#17: Martin & Artur – How to breathe for optimal energy and performance

health & fitness performance podcast Jan 15, 2019

Listen to it on your favorite podcast provider: 



 Martin Petrus and Artur Paulins are both Wim Hof Method certified instructors and teach different breathwork techniques around Europe. They share some of the latest research and very concrete techniques for breathing optimally whether you’re an athlete or looking to improve your energy and health.



0.40: Artur’s journey into breathwork

1.03: Martin’s journey into breathwork

2.40: Why breathing is important

5.50: Whether you should breathe through your mouth or nose

7.08: How to breathe when doing high-intensity exercise

10.12: Good techniques for breathing

11.20: Diaphragm breathing

13.20: Technique for breathing after an exercise: Legs up against the wall

16.30: Is breathing in slowly and breathe out slowly really such a great technique?

20.40: Tips for holding your breath longer

22.30: Wim Hof breathing

27.05: What to do when you work in an office and hardly move

28.18: Breath light technique

32.02: What to do when breathing through your nose feels hard

34:00 Duct taping your mouth?

36:03: Artur’s other routines for being the best version of himself

37.25: Martins other routines for being the best version of himself

38:02: Tips for getting the most benefit out of a sauna

39.30: Cold exposure

44.30: Box breathing


Links to selected resources:



Links to people mentioned:



Links to references and studies:

Oxygen cost of exercise hyperpnea: implications for performance: https://www.ncbi.nlm.nih.gov/pubmed/1601791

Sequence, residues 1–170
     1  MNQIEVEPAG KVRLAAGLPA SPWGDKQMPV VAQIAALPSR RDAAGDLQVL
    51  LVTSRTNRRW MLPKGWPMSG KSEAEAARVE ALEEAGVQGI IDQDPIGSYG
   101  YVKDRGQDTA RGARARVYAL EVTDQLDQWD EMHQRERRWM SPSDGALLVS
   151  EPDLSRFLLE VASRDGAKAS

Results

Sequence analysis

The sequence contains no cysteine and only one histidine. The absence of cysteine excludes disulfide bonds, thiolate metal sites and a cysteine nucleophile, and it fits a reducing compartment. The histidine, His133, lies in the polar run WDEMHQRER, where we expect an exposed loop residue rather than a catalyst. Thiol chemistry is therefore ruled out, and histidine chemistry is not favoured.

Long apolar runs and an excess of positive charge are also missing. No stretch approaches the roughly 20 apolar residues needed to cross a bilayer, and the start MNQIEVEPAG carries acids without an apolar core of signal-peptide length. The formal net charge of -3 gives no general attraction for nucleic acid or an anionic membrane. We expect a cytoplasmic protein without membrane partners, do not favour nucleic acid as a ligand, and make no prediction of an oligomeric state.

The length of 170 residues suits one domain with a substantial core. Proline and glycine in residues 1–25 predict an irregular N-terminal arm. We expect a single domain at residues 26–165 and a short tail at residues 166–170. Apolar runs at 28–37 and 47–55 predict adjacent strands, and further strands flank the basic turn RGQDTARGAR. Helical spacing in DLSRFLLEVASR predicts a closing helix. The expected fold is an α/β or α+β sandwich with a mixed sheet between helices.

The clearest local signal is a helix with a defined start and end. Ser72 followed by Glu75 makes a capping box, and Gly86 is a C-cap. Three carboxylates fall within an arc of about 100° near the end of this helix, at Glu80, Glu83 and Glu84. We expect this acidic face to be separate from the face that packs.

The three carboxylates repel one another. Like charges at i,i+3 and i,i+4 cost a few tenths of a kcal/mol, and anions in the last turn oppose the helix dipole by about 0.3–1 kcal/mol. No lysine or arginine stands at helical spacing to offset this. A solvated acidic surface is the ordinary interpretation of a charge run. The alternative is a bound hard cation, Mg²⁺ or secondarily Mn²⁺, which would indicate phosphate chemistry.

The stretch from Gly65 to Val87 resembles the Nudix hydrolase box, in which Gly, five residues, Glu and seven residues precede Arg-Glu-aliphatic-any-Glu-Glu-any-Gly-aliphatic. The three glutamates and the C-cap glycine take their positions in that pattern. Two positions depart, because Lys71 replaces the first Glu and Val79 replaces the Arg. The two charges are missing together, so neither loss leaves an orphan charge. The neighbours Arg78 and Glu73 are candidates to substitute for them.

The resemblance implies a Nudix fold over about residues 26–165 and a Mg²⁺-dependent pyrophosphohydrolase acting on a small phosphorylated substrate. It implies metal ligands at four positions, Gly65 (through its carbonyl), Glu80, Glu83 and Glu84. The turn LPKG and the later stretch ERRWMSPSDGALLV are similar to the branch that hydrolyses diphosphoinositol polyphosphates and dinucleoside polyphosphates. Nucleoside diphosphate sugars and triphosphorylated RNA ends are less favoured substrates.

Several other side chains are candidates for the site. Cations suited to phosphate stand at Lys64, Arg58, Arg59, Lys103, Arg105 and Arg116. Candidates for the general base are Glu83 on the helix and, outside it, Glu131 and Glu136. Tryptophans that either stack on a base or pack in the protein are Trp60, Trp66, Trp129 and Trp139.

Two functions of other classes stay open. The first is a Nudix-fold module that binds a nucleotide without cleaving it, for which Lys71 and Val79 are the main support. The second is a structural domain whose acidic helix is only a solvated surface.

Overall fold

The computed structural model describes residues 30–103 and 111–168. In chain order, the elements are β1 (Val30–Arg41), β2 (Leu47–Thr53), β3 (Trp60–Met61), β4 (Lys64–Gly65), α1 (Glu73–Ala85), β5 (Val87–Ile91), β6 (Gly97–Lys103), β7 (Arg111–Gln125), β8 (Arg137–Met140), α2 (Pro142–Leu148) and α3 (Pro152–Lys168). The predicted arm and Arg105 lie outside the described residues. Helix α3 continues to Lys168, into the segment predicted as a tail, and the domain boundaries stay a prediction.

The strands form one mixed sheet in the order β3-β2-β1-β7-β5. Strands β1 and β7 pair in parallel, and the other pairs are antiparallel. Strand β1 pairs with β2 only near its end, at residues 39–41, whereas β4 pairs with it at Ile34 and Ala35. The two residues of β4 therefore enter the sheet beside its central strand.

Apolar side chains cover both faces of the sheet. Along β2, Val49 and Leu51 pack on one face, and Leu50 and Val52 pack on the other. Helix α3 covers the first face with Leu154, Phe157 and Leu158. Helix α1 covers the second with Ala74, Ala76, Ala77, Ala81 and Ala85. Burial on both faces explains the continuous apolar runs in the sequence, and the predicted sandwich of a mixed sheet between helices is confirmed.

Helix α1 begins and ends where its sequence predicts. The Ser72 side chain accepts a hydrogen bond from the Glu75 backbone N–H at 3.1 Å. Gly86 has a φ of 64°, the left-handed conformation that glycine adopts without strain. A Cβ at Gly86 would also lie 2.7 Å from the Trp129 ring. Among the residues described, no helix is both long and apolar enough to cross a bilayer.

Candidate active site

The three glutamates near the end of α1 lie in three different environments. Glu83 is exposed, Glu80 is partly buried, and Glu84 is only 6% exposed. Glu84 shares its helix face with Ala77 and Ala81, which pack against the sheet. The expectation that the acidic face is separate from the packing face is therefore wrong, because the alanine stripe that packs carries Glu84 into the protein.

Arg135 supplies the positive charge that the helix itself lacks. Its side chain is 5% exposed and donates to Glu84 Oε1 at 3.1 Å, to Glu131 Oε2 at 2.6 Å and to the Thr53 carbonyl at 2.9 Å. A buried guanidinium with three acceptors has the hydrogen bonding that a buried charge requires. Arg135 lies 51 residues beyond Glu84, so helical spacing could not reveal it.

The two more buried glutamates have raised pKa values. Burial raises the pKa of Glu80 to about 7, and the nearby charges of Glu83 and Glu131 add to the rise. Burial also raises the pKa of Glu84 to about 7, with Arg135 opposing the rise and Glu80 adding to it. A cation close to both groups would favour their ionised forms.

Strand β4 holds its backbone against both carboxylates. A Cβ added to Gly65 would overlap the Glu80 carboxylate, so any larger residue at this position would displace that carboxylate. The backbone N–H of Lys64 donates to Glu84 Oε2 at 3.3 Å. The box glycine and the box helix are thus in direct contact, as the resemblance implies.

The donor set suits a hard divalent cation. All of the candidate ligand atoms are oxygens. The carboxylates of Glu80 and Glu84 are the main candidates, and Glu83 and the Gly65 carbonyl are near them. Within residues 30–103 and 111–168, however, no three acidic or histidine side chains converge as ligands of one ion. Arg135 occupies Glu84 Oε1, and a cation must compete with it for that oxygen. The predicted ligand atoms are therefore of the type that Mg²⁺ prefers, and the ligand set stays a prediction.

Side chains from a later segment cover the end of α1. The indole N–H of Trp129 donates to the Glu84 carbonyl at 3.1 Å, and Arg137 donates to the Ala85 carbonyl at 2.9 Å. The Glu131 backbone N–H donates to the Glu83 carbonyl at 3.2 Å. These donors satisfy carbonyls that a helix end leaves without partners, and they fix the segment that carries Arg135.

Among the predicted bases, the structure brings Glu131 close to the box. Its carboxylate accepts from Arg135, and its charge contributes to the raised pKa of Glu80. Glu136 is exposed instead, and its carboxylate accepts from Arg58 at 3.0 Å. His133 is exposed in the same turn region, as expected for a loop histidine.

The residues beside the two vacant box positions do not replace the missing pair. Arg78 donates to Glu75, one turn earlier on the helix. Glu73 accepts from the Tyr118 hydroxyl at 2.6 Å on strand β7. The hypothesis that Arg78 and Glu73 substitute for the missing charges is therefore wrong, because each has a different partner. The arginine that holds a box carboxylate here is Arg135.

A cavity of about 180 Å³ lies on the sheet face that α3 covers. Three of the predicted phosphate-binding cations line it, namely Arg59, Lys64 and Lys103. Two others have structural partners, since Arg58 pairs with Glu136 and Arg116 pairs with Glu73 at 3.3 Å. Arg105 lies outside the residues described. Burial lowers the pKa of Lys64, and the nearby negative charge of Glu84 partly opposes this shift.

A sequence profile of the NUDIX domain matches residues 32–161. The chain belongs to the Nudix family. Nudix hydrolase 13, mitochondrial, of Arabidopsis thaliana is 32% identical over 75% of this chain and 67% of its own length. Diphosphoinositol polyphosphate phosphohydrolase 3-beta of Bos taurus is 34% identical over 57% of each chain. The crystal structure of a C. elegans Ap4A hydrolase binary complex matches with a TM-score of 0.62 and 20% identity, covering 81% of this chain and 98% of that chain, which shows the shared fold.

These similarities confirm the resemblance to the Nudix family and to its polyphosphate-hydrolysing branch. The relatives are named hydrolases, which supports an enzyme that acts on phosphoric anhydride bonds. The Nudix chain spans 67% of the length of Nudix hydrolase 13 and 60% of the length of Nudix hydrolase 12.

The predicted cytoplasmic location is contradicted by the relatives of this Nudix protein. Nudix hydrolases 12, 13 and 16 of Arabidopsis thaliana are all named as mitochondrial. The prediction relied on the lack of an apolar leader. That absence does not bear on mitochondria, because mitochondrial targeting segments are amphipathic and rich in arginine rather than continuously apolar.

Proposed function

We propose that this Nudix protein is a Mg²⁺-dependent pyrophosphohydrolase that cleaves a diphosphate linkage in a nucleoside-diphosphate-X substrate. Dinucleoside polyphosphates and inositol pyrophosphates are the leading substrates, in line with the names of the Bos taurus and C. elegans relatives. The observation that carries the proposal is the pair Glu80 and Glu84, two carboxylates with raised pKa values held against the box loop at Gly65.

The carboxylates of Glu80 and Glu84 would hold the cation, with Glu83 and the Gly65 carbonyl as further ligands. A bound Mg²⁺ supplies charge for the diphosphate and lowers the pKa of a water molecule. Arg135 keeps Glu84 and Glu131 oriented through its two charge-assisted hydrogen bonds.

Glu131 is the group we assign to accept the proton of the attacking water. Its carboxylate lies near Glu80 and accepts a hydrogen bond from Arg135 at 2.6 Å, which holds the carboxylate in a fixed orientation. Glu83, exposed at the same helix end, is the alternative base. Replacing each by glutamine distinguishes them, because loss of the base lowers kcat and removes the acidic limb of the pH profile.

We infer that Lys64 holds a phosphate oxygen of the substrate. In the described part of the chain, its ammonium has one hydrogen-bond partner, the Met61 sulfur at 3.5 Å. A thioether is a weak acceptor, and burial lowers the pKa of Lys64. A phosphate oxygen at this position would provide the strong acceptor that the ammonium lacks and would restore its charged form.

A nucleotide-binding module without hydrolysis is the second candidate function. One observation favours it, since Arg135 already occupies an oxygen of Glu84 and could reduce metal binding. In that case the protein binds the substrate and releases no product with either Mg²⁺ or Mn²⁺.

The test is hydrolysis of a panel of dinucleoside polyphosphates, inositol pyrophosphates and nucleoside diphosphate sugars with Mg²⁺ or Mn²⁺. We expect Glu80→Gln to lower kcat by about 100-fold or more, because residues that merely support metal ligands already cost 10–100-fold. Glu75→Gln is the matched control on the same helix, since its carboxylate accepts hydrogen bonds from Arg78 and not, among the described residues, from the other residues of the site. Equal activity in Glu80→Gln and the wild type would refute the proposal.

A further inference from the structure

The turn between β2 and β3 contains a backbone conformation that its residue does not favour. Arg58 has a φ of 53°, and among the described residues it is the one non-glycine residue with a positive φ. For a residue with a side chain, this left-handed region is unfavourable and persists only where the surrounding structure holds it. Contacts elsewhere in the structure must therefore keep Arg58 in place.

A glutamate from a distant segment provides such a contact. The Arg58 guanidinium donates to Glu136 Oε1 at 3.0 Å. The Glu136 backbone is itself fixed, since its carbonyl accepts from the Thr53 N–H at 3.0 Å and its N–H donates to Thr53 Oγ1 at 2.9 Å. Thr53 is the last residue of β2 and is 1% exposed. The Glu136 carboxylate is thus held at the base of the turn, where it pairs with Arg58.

Suffocation and respiratory responses to carbon dioxide and breath holding challenges in individuals with panic disorder: https://psycnet.apa.org/record/2006-03151-011

Transcutaneous carbon dioxide application accelerates muscle injury repair in rat models.: https://www.ncbi.nlm.nih.gov/pubmed/28210805


The effects of nasal breathing on exercise tolerance: http://eprints.uwe.ac.uk/7545/

Nasal nitric oxide in man: https://www.ncbi.nlm.nih.gov/pmc/articles/PMC1745376/

Physiology and pathophysiology of blood volume regulation. The Spleen: https://www.ncbi.nlm.nih.gov/pubmed/10175155

Ventilatory control in the athlete: https://www.ncbi.nlm.nih.gov/pubmed/5538798

Effects of prolonged physical training on ventilatory response to hypercapnia: https://www.ncbi.nlm.nih.gov/pubmed/3269045

Spleen volume and blood flow response to repeated breath-hold apneas: https://www.ncbi.nlm.nih.gov/pubmed/12819225

Increased erythropoietin concentration after repeated apneas in humans: https://www.ncbi.nlm.nih.gov/pubmed/18097682


Final recommendations from Martin and Artur:

  • Martin: Do some kind of breathwork. A simple way can be box breathing which is used by navy seals and athletes
  • Artur: Use the Wim Hof breathing followed by a mindfulness and awareness practice


Links to Martin and Artur:





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